Tuesday, 22 June 2010

The Game

My rating: 4/10

After being impressed with David Fincher's dark film noir, 'Seven', I expected great things from this. What I got however, was an impressive, original idea, and an intriguing mystery all carried out with an unimpressive script and a big lack of momentum.

In 'The Game' we are presented with an uptight businessman Nicholas, (Michael Douglas) who after being given an unusual birthday present by his less than average brother (Sean Penn) becomes the player in a very extreme, real life game. As the game unfolds we see Nicholas's slow descent into the mind of a paranoid madman.

As you can see, the idea retains a great amount of originality and sounds like the perfect mixture for an intense thriller. I wish that I could say that this is what is delivered. It starts off very slow in an attempt to set us up with Nicholas's character. Although it is necessary to see Nicholas's mundane uptight lifestyle, this becomes pretty mundane to watch. Flash forward several long minutes later and the game begins. At this point, we see Nicholas receiving a key through the elaborate use of a clown outside his house as well as instructions on the rules of the game.

Once the action starts properly, the film feels very promising. However as it begins to unfold, it just becomes a bit boring and not that engaging. Whereas with 'Seven' the intrigue and chase of the film leaves you in a state of anticipation as to what is going to happen next, The Game manages to bare no such resemblance. It became fairly predictable and was frustrating how Nicholas's character kept changing. One minute his house had been broken into and although freaked out, he seemed pretty aware that this had something to do with the game. As the audience this made me aware of everything else and how anything could be part of his game - something that it seemed Nicholas had already worked out. Nicholas's however didn't seem to retain this sense of wariness even though we had already seen these snippets of his madness. This is one of the factors that I found hard to believe. His character is an investment banker, and so trust is something that he cannot afford to rely on too much in his job. However he seemed pretty quick to trust those he didn't even know. It seemed to take him far too long to get to the point where he didn't feel he could trust anyone.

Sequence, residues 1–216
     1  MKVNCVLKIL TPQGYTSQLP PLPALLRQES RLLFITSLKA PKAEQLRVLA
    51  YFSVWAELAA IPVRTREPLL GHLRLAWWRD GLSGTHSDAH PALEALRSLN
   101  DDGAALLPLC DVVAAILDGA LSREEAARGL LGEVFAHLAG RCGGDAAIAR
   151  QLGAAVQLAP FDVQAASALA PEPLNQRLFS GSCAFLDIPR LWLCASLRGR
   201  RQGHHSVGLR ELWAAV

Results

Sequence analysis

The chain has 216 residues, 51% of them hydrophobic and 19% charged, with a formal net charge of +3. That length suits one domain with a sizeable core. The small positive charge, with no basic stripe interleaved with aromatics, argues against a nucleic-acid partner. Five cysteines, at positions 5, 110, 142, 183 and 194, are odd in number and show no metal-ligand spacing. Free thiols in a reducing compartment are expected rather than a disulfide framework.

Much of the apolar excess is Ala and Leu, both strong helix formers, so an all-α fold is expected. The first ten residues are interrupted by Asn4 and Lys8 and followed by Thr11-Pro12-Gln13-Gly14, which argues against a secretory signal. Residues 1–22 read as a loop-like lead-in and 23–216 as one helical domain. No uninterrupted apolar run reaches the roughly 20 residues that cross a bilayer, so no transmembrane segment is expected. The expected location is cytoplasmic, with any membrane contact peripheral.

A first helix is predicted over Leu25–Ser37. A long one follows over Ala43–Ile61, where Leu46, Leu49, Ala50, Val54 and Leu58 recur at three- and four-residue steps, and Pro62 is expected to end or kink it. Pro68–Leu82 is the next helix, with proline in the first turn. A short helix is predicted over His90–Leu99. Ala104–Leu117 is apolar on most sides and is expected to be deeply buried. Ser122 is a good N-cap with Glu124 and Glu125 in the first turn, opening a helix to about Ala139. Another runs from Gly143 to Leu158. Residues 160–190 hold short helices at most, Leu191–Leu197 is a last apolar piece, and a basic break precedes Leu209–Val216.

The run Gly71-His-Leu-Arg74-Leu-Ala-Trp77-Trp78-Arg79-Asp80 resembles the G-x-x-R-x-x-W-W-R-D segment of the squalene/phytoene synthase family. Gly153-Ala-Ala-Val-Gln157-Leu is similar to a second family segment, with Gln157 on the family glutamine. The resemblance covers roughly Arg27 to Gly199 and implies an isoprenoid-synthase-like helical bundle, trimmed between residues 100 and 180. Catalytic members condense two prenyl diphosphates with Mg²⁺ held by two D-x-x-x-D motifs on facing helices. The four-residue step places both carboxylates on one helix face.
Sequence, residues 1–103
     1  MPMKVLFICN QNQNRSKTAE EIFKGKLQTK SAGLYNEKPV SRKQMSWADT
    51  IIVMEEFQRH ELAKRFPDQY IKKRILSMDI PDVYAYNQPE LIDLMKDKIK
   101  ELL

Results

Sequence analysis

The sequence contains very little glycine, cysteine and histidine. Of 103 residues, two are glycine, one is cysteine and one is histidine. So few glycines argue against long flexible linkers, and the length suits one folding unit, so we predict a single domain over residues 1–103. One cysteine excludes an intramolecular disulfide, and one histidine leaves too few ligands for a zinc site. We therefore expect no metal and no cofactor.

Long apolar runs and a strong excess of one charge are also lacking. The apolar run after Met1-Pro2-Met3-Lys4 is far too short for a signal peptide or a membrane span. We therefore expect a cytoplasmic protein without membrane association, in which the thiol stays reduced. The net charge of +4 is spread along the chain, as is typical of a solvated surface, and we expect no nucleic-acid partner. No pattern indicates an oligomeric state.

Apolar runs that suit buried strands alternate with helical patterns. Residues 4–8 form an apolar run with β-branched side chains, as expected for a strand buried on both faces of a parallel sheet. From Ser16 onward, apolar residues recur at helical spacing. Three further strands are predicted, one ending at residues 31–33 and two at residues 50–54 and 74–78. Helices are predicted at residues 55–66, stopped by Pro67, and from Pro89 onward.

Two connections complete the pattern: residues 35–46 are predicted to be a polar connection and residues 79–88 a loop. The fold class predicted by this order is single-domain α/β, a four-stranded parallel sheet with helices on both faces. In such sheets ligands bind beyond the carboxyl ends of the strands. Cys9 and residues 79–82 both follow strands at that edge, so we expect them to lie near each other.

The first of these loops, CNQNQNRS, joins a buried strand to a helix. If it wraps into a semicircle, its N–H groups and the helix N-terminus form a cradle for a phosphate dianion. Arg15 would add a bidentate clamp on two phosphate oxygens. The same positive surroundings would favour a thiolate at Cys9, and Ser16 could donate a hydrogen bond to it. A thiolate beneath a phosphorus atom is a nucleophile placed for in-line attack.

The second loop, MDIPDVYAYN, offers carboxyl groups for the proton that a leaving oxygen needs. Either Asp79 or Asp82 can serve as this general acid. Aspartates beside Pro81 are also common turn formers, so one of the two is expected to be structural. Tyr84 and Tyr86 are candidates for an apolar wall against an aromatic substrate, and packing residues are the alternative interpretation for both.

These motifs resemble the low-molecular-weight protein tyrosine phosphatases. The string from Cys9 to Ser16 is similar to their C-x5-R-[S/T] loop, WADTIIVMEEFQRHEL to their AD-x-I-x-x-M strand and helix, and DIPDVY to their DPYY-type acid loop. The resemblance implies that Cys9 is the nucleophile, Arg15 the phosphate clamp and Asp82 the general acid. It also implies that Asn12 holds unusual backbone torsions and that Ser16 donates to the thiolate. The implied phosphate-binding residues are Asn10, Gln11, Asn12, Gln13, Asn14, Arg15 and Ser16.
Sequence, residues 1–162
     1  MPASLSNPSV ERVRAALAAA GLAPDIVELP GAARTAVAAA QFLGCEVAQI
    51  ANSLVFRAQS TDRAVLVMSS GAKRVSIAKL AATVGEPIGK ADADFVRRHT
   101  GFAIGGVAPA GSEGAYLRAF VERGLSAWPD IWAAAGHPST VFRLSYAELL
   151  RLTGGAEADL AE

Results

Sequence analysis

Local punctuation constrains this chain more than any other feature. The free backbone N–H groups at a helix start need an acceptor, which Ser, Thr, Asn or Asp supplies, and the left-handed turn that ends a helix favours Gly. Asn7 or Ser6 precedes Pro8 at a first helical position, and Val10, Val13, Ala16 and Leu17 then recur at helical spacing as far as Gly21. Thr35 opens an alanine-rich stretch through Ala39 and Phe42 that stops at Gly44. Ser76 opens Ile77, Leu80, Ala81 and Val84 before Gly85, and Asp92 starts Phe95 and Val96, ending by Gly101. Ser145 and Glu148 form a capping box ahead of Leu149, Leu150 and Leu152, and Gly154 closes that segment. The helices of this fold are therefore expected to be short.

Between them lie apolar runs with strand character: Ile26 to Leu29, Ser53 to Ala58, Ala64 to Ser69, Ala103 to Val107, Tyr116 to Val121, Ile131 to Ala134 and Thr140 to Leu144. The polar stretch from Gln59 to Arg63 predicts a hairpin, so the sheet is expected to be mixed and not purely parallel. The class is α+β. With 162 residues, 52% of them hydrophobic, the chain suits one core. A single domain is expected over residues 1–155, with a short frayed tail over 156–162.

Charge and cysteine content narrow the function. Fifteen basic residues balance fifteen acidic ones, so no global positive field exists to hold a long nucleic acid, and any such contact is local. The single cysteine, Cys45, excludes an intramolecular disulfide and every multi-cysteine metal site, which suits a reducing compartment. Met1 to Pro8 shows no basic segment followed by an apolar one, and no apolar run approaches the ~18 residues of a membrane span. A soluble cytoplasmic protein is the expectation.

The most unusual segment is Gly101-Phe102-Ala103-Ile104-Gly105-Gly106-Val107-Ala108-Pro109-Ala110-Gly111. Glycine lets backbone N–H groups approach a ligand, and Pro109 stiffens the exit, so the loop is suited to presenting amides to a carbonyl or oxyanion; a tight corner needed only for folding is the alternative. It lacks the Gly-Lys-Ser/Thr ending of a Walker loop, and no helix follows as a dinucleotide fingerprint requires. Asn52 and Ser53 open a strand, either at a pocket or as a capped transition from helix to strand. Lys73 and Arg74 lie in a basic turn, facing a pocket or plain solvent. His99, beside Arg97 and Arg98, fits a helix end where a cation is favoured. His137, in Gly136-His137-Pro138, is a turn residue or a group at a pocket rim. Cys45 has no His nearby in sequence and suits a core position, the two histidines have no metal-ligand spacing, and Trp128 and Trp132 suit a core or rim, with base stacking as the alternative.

I was quite impressed with the way it ended. I have to admit that I had been fooled as well. However for me, it seemed a far too elaborate scheme just to try and teach him a lesson. I mean, I think if I had been through an ordeal of being shipped off to a foreign place, thinking my whole life had been destroyed, thinking I'd shot my own brother and then being so messed up I wanted to kill myself in the same way my dad had done, that someone simply saying "It was all a game" just wouldn't really cut it. I fail to understand why this would make you relieved and suddenly absorb the insanity that had newly spouted. Fair enough, it certainly would teach you a lesson not to be so uptight, but I think that the rest of your life would be spent recovering and being in a constant state of paranoia. I just didn't find it believable at all.

So overall, although I did enjoy the actual concept and SOME of the 'thrill', I think it was executed very poorly and it seems like the writer was more concerned with 'wowing' the audience with the twist, that they lost all sight of the other details that should have been important to this film.

Lucky Number Slevin

My rating: 7/10

I have to say that for saying when I watched this I hadn't really heard much about it, that I was very impressed!

McGuigan's thriller depicts a mistaken identity scenario in which we see our protagonist, Slevin (Josh Hartnett) mistaken for someone else by two powerful mob bosses. To say much more would be too telling of the plot so I will refrain from revealing any more.

This film paints a very complex idea onto an intelligent script. It maintains clever dialogue that allows our attention to be held throughout its entirety. Ok, so I will admit that although engaging some of the wordy dialogue used does seem a bit unnecessary. It comes across as if it's trying too hard to be sophisticated and clever when really it doesn't need to be as the rest of the film gives it its elegance.

I really enjoyed the direction and cinematography within this film. It has a real beautiful, elegant Sin City feel to it that allows the visual vibrancy to remain engaging. It maintains a quick pace and an air of swiftness is shown between each shot that draws a parallel to the smooth nature of our main character, Slevin.

Slevin's character is great. He is a really charismatic, likeable guy that makes it fun for us to watch and gives us a want to help him. He is a smooth talker but also reatains the form of a clumsy happy-go-lucky person. On our first introduction of him we immediately form empathy as we see his bad day go from worse to catastrophically disastrous. It seems an important thing to be able to feel this for him so immediately as our relationship with Slevin is important, although we don't necessarily understand this importance until the end.

Lucky # Slevin is a very engaging film. The major theme "mistaken identity" in which it draws on is done so on so many levels and we are demonstrated this in a physical, metaphoric and personal way. The cast is great, seeing the likes of Morgan Freeman, Bruce Willis, Ben Kingsley, Josh Hartnett and Lucy Lou all performing to a great standard. It is a really good visual film to see and gives you so much to think about throughout that you are completely drawn into its world.

I was very impressed with what I saw as prior I did not have that high expectations and I definitely think that the camera tricks and editing will become even better on a second viewing since I will already understand the plot!